Wildland firefighters fight a fire in the Great Dismal Swamp National Wildlife Refuge in 2011. (Courtesy Great Dismal Swamp National Wildlife Refuge)
Wildland firefighters fight a fire in the Great Dismal Swamp National Wildlife Refuge in 2011. (Courtesy Great Dismal Swamp National Wildlife Refuge)

The smell of fire

Published 10:58pm Monday, July 21, 2014

While most scents for which Suffolk is famous — peanuts and coffee, for instance — are pleasant, there’s one that’s not so enjoyable that has the capability to spread far beyond the scent of goobers.

A man shows off the aftermath of a 1975 fire in the refuge, with a dotted line marking the peat level before the fire. (Courtesy Great Dismal Swamp National Wildlife Refuge)
A man shows off the aftermath of a 1975 fire in the refuge, with a dotted line marking the peat level before the fire. (Courtesy Great Dismal Swamp National Wildlife Refuge)

In 2011, smoke from a wildfire in the Great Dismal Swamp National Wildlife Refuge reportedly triggered 911 calls as far away as Baltimore. Even Hurricane Irene, which dumped an estimated 1.7 billion gallons of rain on the blaze, was not enough to extinguish it entirely. It burned for nearly four months and consumed 6,400 acres before finally being declared out.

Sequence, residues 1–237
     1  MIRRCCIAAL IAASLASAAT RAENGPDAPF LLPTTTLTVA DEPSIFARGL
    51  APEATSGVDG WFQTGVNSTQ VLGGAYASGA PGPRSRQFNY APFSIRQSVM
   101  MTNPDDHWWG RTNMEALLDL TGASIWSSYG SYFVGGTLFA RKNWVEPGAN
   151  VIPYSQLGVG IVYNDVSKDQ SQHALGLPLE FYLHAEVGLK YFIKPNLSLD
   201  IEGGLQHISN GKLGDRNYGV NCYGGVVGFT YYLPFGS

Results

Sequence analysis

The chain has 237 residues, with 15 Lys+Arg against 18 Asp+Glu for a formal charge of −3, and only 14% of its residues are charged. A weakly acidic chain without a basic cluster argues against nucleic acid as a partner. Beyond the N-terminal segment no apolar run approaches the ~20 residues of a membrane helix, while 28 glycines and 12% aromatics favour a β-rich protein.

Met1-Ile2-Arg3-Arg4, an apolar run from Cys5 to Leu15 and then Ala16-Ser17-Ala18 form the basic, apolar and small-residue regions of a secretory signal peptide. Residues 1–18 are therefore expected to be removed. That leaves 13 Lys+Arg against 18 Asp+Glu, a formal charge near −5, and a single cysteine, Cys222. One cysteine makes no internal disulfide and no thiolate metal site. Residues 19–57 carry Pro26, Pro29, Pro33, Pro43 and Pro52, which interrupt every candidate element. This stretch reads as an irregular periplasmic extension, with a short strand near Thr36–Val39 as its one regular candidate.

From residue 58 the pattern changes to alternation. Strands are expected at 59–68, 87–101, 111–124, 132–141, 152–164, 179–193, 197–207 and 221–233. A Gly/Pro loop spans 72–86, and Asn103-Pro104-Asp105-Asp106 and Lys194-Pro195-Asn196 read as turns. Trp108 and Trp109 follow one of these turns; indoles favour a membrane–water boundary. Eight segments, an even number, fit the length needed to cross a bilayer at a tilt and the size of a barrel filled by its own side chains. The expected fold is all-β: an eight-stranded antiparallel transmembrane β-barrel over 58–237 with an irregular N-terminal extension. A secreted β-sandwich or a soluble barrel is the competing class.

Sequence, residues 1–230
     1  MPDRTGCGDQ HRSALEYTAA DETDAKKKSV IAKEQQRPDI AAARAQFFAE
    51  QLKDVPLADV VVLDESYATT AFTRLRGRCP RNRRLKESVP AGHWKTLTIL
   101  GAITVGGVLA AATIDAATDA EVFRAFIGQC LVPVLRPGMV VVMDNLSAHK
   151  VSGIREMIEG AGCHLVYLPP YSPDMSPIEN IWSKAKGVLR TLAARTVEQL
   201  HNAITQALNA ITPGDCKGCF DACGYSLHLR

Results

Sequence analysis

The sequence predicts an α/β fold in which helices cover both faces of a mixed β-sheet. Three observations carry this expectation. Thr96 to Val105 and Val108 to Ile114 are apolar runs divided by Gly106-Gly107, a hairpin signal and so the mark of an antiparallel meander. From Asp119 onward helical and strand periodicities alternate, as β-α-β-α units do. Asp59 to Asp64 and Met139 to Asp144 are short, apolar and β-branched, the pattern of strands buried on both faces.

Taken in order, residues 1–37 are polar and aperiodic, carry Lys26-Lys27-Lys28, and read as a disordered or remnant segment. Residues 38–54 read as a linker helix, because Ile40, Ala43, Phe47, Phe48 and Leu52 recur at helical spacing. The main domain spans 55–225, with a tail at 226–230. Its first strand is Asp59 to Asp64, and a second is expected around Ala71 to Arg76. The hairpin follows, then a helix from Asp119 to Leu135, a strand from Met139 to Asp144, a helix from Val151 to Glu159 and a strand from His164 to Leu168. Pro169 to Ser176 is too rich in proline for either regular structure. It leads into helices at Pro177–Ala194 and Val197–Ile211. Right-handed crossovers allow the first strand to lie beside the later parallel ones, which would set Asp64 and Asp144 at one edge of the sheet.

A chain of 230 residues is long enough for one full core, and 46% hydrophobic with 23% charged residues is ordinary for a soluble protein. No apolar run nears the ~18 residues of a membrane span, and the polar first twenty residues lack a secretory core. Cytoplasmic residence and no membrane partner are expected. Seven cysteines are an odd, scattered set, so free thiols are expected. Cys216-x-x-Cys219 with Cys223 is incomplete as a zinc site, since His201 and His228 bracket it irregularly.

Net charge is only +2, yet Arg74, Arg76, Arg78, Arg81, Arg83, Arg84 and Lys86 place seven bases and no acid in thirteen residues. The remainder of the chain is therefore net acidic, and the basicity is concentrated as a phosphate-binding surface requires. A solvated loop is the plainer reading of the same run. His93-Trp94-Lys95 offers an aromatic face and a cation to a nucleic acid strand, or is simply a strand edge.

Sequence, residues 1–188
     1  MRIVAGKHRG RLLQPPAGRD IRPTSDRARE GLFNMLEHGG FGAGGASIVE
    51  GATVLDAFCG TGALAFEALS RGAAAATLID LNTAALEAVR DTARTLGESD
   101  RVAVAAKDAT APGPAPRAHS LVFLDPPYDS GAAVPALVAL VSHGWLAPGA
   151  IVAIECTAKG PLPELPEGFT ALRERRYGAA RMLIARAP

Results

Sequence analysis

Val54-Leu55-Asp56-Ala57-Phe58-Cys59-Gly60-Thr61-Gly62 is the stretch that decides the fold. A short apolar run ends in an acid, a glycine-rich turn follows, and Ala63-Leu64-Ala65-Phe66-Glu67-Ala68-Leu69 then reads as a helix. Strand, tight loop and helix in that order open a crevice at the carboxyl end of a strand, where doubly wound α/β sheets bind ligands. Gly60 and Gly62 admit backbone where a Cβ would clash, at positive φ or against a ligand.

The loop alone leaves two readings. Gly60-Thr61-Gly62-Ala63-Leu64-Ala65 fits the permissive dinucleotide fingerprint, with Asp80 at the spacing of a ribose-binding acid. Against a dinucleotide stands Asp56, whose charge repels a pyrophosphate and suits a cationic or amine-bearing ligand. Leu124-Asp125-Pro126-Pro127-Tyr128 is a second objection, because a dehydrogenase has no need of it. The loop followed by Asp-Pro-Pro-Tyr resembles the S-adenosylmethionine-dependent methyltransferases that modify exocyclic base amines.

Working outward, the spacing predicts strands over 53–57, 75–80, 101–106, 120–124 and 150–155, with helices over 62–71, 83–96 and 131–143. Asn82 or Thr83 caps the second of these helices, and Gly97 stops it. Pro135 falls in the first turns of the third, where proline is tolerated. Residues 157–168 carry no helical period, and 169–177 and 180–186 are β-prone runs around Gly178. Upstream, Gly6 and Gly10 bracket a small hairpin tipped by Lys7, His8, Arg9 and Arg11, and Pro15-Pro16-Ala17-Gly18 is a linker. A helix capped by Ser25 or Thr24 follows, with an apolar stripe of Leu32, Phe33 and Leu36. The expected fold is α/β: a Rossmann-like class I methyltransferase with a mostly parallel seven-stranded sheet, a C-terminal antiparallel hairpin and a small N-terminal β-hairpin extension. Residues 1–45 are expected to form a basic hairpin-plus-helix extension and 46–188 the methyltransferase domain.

But it wasn’t the first wildfire in the refuge in recent years. A 2008 blaze burned about 5,000 acres. Fires in 1975 and even as far back as 1930 — before a portion of the swamp became a refuge — changed the landscape of the swamp.

A $3.13 million investment by the U.S. Department of the Interior, announced in 2013, aims to make severe wildfires in the refuge less likely. About 15 water control structures will be installed with the money and should raise the water table and slow the drainage of the swamp. The North American Wetlands Conservation Fund also contributed $1.4 million to the project of re-wetting the swamp, which was drained for logging in the 18th and 19th centuries.

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